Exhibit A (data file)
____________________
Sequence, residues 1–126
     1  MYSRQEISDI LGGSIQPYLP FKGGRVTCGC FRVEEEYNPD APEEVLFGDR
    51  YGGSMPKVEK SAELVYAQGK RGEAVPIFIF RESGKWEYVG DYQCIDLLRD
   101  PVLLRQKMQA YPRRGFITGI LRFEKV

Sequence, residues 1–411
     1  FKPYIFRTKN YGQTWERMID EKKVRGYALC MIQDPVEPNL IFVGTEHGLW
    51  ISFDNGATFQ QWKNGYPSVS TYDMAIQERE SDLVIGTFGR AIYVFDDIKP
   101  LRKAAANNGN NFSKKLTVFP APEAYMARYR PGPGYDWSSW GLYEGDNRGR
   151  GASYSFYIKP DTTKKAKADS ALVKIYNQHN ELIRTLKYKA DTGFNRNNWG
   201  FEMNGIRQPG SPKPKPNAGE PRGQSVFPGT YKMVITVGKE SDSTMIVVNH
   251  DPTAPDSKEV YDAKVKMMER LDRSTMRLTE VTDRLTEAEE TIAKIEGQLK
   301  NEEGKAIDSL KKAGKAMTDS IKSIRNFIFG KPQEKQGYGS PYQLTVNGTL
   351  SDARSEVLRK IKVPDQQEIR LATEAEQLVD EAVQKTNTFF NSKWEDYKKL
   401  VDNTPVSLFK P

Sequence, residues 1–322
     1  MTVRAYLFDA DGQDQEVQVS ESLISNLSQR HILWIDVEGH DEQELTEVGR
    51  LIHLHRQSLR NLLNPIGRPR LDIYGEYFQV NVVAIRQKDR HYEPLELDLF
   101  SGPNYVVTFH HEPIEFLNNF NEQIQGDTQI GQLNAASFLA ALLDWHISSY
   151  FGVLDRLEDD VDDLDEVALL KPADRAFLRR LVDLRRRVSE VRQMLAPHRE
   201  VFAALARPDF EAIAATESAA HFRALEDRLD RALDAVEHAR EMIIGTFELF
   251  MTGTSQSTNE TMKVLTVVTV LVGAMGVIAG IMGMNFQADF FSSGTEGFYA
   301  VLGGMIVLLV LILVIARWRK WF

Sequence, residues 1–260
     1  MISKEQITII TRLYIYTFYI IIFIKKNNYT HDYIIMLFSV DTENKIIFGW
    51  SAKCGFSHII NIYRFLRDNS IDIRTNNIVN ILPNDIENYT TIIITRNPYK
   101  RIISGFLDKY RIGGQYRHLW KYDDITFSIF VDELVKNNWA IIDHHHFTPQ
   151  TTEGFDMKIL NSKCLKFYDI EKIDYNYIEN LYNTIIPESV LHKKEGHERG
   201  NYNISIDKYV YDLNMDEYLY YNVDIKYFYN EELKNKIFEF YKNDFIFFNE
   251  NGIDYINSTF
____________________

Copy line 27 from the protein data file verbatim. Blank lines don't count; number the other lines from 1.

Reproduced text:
   151  TTEGFDMKIL NSKCLKFYDI EKIDYNYIEN LYNTIIPESV LHKKEGHERG